Validate Your Idea BEFORE You Spend

We’ve all seen bad ideas. Sometimes we say or think, “What were they thinking? They should have asked me first.”

Just moments before signing on to my blog, I responded to a friend request on Facebook. The request came from a business woman I don’t know personally, but it looks like she networks with some of the same people I do. I accepted the request, then viewed her info. She had a link to her business site so I clicked. I landed at a very low budget, amateur website where the woman sells her books. I wanted to see her books, but the awkward site actually made me close the tab. The logo was small and blurry, the images of the books were super small, and the text looked more like a filled in comment box than an introduction to the site. Nothing on the homepage made me want to stay. Nothing. It looked amateur and even a bit annoying.

If the site is lousy, might this mean the books are amateur too? Ok, so she’s not a web designer. But, if you love your product, wouldn’t you want to invest a little to sell it? My point here is not to promote web designers, it’s to say feedback is valuable. This woman probably has no idea that I visited, that I left right from the homepage without shopping, or that I don’t like her site. She may be thinking people aren’t buying because prices are too high. I didn’t even get to the prices. She may think there is low interest in her products. Maybe, maybe not.

Ideas, new products, websites, branding – they all need market validation, or at least a little outside feedback. So how do you get it?

#1. Ask. First, ask friends and family what they think of your idea. If you have a new product idea, find out if people like the idea. Ask good questions like what they currently use to solve the problem that your product solves, how much they would spend to solve the problem, whether or not they understand your solution, etc. After you ask friends and family, you need to take it a step further. Our loved ones tend to tell us what we want to hear. They think we are brilliant. They will encourage us. We need that, but we also need honest, unbiased feedback.

#2. You can take your idea to an industry expert – usually a successful business person who knows your market or coaches inventors. Watch out for scams and get references. A good consultant may charge $200-$1000 to evaluate your idea, give you feedback and next steps. This knowledge is worth every penny if it helps you cultivate your idea and learn how to profit from it. However, beware of experts who tell you your idea is great because they want to bring you on as a client, sell you tapes and books about how to license your product, start a business or make instant millions. An evaluation should be just an evaluation, not a bait and switch.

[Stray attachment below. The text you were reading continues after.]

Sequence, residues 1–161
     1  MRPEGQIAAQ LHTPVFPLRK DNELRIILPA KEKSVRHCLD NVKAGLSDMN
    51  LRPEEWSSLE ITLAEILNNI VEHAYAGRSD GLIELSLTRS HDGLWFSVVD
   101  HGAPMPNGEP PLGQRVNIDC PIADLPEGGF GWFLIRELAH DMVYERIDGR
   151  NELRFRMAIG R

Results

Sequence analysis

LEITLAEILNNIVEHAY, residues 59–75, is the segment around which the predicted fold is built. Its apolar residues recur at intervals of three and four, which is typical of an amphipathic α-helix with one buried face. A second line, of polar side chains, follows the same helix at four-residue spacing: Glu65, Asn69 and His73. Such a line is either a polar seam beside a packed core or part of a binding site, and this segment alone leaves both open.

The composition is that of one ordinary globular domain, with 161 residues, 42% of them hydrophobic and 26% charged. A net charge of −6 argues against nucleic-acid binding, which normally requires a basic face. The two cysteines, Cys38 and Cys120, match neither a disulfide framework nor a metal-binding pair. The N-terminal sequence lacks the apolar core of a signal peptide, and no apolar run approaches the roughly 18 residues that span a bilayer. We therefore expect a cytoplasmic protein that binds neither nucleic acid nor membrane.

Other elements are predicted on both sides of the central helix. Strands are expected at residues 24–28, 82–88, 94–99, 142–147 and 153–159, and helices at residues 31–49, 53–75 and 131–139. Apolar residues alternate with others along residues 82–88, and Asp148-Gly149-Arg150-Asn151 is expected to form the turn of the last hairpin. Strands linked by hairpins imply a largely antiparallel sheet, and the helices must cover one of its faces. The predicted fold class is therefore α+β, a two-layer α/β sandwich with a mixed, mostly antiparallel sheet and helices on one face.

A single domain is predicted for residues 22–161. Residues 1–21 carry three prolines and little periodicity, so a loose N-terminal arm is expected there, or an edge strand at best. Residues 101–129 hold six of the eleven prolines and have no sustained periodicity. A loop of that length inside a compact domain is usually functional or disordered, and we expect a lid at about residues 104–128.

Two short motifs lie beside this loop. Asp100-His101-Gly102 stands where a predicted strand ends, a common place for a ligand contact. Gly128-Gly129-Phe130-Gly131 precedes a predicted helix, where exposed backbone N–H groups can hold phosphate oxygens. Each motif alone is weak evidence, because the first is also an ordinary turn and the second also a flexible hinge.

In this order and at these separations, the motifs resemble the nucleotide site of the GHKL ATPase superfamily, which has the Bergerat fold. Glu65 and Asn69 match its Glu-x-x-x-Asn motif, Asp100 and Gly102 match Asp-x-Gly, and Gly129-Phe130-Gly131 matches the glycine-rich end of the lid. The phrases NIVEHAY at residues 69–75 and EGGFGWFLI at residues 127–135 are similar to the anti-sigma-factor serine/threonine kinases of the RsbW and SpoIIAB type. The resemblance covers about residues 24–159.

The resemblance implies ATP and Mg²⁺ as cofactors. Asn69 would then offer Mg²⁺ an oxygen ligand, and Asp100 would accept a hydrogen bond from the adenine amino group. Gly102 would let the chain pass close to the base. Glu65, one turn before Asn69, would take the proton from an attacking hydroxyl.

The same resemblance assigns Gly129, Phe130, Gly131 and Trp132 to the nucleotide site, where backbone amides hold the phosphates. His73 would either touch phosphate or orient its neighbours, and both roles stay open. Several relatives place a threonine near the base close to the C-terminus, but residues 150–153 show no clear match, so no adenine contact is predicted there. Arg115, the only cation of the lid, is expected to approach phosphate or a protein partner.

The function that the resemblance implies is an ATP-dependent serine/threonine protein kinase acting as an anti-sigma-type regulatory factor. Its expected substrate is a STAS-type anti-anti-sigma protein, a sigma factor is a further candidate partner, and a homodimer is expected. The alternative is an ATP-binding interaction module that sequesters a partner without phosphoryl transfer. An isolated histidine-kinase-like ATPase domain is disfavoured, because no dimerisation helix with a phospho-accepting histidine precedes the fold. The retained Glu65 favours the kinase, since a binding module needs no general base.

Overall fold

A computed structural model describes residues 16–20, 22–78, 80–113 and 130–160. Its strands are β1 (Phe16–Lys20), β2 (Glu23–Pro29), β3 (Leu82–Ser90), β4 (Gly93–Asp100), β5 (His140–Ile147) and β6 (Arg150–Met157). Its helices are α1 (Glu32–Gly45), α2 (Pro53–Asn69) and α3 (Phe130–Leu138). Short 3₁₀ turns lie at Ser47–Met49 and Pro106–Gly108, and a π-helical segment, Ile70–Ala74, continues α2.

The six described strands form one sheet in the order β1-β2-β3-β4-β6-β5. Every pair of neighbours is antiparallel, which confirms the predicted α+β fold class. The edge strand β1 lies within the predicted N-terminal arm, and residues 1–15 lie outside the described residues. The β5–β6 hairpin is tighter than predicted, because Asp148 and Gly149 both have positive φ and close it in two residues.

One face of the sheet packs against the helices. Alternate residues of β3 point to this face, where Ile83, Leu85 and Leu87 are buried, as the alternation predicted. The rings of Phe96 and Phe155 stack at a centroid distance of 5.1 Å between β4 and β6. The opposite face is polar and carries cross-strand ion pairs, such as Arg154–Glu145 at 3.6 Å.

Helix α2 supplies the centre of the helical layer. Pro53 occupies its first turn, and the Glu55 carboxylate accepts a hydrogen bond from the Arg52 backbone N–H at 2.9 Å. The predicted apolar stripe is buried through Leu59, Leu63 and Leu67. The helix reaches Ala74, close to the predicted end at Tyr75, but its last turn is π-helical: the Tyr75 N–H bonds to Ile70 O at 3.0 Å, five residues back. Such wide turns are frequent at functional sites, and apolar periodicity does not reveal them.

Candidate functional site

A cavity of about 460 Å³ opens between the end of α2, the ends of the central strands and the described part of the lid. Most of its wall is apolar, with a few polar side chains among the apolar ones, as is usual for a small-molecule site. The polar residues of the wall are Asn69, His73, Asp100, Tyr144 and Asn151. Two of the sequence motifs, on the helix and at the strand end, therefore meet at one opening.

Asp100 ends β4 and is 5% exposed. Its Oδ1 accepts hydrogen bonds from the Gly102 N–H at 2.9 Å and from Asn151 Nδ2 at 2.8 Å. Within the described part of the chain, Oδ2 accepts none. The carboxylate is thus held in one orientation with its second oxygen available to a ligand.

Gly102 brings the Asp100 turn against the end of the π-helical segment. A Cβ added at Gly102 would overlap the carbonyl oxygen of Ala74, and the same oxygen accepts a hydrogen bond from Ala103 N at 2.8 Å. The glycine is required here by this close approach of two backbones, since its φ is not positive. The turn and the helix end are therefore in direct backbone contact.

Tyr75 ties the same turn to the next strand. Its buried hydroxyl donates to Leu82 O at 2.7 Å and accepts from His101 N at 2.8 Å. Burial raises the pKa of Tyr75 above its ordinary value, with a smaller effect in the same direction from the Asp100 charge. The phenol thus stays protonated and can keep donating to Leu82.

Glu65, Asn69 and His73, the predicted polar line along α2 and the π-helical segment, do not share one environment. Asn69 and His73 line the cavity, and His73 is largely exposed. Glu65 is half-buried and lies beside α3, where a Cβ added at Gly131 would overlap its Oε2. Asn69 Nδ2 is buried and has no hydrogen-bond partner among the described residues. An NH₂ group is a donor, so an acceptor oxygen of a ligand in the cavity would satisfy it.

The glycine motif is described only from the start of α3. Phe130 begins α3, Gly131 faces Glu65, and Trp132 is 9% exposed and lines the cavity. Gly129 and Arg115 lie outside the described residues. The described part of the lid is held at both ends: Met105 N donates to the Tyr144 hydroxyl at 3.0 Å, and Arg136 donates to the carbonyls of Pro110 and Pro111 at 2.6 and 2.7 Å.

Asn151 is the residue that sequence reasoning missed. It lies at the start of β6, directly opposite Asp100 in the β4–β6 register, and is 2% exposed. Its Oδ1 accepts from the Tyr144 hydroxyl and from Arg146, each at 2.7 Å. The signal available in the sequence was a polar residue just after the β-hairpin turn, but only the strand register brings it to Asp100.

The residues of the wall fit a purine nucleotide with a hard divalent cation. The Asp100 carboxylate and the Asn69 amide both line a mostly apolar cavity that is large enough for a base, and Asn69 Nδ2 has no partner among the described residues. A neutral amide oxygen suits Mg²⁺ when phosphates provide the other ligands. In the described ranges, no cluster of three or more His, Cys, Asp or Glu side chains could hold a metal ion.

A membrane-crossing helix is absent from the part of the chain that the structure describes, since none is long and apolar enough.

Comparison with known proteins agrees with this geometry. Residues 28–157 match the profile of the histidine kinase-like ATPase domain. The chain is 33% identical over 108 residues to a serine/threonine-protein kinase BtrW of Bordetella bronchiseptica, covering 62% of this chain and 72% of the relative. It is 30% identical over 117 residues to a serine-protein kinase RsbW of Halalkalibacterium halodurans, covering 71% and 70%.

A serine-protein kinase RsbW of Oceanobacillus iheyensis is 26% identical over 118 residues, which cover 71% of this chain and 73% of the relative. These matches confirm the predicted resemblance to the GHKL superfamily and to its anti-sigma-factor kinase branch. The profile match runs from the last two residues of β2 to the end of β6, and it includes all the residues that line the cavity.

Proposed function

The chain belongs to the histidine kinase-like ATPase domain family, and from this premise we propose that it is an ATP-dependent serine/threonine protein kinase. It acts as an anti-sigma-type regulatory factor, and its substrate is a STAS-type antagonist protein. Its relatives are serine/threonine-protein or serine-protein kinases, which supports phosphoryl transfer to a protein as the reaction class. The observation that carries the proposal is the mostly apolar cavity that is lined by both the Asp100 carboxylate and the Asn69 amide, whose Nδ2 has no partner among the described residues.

#3. Your other option is to get market feedback. You can formulate a questionnaire, take copies to a mall or park and ask your target market. This can be time consuming and you still need to beware of bias. Some people are uncomfortable giving constructive criticism — especially in person.

#4. A DIY (do it yourself) online survey. There are lots of great “free” online survey builders. You create an account, write your questions, then send the link out to YOUR contacts. Most free survey sites allow you to capture up to 100 responses for free. But, remember, they do NOT provide the panel (people) to respond. I’ve done several this way, and it becomes a begging fest. I post the link on all the social network sites, offer prizes, and wait for responses. Those who actually respond are usually my friends and family and, again, they tell me what I want to hear.

#5. A better way is a professional online survey through a marketing research company. Effective research requires two elements: a well-written survey and the proper panel of people to answer it. Your questions need to be formed in a manner that does not sway your respondents to answer a certain way. Your panel needs to be comprised of your target market. Ideally, they should not know you and you should be able to cross reference their responses with their demographics (age, income level, area they live in, etc.).

There are many companies offering free software for writing your survey, but fewer companies that provide market panels. Some do both. To find them, search the words “online market research companies”. Expect to pay $10-20 per person/respondent for a brief questionnaire. There may be minimum charges. I now a couple of the top ones have a $2000 minimum.

So how much is it worth to know if you have a good idea? If you ASSUME you do, how much will you spend before you KNOW you have a good idea? Thousands on trademarks and patents, tens of thousands on prototyping and manufacturing, a few hundred on a website, or ? Sometimes it is about the money saved. I’ve seen plenty of entrepreneurs who have spent their life savings on a bad idea. Some were unsafe items for children, some were unknowingly offensive, some just didn’t know their market, and some were “solutions” that created more hassle than the original problem it was trying to solve. But no one told them the truth, or maybe they never asked.

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